Wlliam Gilmore Simms
Mellichampe: A Legend of the Santee >> Chapter XXXIX: Troubles of the Lovers >> Page 328

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Novel (Romance) | Redfield | 1854
Transcription 328 MELLICHAMPE.
noble head should be in the grasp of the executioner� that
manly, high, pure white brow obscured by his cowling blind ---
and that polished and lifted neck grasped by the polluting
These were the dreadful thoughts which came crowding to
her mind on that instant ; and they might have been the
thoughts and the apprehensions, at that period, of a far
more masculine mind than that of Janet Berkeley ; for, what
was so common then as the certainty of execution to the ac-
cused American ? what so sure as the execution of death to
one doomed by Balfour, Tarleton, or Cornwallis ? In these
hands Iay the destiny of her lover. A few clays would convey
him to the place of trial. A few hours travel through all its
abridged forms, and the hurried process of examination, mis-
representing justice ; and how brief was the sad interval al-
lowed for the final preparation between the doom and its exe-
cution. These thoughts, which, to the strong and fearless man,
would have been only so many stirring apprehensions, were a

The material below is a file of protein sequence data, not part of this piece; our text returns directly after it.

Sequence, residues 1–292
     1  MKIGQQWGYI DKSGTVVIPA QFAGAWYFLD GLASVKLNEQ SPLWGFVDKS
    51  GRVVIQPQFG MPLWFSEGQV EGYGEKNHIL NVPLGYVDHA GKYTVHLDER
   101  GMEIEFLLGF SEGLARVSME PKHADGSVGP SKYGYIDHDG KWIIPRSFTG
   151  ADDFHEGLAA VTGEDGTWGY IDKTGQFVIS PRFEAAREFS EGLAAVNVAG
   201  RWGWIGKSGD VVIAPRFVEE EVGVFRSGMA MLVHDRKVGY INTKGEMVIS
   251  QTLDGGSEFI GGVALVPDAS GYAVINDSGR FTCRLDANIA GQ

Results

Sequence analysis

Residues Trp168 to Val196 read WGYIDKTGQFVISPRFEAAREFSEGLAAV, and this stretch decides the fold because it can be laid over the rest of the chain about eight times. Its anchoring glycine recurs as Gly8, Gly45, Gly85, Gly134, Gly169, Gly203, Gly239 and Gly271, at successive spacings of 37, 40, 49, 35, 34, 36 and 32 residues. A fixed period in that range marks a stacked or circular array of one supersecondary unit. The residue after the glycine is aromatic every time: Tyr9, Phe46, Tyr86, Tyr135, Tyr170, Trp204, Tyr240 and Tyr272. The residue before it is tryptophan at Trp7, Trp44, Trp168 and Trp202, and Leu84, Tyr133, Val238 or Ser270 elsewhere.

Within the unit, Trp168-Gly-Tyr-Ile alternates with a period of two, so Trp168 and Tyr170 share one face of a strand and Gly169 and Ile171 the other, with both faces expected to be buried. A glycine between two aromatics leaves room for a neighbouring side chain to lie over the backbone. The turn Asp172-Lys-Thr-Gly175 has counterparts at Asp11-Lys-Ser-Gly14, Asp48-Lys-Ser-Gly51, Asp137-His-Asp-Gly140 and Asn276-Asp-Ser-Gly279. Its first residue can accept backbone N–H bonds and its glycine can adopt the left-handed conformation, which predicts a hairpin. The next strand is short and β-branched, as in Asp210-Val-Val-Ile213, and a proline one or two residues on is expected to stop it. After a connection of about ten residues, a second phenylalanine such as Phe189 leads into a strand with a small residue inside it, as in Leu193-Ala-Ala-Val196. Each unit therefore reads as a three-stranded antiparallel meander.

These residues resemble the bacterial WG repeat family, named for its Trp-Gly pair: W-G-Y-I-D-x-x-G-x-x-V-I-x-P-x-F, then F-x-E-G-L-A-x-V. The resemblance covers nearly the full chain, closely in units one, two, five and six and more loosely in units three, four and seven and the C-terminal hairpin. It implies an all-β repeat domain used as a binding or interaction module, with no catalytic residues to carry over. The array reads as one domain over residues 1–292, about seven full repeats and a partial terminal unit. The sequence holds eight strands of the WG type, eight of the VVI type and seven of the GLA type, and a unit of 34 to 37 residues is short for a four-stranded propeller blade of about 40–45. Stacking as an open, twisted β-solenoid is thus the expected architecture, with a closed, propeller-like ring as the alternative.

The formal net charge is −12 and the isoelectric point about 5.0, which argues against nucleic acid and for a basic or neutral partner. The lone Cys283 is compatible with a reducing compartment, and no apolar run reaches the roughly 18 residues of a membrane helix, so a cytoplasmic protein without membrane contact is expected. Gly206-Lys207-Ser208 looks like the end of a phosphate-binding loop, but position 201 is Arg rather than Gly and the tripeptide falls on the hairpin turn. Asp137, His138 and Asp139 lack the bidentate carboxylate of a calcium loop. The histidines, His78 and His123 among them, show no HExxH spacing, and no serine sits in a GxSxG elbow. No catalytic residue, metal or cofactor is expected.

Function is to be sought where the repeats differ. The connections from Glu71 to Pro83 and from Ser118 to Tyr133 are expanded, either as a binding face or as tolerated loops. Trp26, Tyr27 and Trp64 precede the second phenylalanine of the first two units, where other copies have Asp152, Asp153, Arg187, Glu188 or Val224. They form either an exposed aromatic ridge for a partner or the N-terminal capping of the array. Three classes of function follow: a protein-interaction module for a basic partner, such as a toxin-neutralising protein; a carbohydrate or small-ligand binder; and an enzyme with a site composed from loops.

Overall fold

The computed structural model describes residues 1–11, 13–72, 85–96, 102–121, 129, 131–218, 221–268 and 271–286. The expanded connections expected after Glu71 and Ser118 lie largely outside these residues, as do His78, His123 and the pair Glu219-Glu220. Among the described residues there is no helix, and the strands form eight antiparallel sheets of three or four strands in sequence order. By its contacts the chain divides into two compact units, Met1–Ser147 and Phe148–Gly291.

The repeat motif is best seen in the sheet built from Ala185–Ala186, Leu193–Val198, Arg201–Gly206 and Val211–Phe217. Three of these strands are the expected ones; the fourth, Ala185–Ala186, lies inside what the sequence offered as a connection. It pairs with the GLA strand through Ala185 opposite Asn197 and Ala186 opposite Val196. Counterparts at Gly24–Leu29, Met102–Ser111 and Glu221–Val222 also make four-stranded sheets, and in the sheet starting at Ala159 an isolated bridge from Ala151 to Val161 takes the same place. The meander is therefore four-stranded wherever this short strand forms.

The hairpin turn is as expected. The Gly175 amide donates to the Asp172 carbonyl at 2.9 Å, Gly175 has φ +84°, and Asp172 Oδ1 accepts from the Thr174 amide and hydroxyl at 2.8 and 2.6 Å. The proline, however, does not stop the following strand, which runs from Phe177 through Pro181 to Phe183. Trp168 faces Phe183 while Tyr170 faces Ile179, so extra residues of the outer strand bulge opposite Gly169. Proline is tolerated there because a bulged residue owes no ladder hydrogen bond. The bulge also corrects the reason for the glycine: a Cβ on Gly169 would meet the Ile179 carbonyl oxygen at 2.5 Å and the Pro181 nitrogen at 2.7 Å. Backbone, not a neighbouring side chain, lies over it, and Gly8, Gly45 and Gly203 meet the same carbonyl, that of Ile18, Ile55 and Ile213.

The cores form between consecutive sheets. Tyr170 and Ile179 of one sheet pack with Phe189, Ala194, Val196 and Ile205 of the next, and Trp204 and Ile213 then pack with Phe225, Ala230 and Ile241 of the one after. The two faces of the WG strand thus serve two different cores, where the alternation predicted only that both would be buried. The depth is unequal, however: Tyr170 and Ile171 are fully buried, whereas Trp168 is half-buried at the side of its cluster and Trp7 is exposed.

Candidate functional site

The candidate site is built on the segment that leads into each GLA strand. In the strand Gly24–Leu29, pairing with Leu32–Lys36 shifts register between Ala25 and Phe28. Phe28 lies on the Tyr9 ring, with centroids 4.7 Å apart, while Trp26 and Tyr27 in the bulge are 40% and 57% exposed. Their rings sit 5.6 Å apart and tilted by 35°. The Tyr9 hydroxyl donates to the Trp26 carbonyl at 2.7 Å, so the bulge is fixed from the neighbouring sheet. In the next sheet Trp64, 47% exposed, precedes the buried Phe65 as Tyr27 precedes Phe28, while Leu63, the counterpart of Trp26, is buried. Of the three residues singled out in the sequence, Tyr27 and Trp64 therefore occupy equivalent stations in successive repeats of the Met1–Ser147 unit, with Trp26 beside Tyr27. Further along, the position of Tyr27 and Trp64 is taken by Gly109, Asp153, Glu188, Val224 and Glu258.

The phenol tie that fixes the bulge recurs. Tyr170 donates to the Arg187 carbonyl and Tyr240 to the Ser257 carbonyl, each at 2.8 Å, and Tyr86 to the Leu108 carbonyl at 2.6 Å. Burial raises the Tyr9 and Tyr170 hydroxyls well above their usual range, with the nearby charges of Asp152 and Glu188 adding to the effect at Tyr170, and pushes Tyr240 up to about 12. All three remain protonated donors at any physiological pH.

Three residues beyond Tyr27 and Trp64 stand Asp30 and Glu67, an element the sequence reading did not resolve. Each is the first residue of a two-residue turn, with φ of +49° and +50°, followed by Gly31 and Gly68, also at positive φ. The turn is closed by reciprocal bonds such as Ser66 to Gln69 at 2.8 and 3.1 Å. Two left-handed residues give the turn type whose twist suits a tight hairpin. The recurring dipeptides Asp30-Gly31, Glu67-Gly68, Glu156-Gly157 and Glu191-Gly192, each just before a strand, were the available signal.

full conviction in the gentle heart of the timid and fond Janet.
She feared the worst, and, being of no sanguine temper, she
saw no hope upon which to lean for succor. Nothing but
clouds and storms rose before her sight, and her love, undevia-
ting and growing warmer to the last, was the only star that
rayed out in blessing through the thickness and the gloom.
" Oh, what, dearest Janet, is this suffering that wrings you
thus ? What dream of danger, what wild apprehension, trou-
bles you ? Speak to me, say what you know. Let me relieve
your sorrows, or, at least., share them with you."
It was thus that the youth pleaded, it was thus that he fondly
implored her to pour the griefs of her bosom into his, and make
him a partaker of those evils which she evidently was not
strong enough to bear alone. She replied by sobs, and it was
only at remote intervals that, coupling together the broken
parts of her speech, he was enabled to gather from her that he
was about to be carried to Charleston as a prisoner. Hearing
thus much, the first thought of Mellicharnpe was one gratify-
ing to his vanity, and grateful in the extreme to his own warm
affection. He clasped her fervently to his heart as he replied,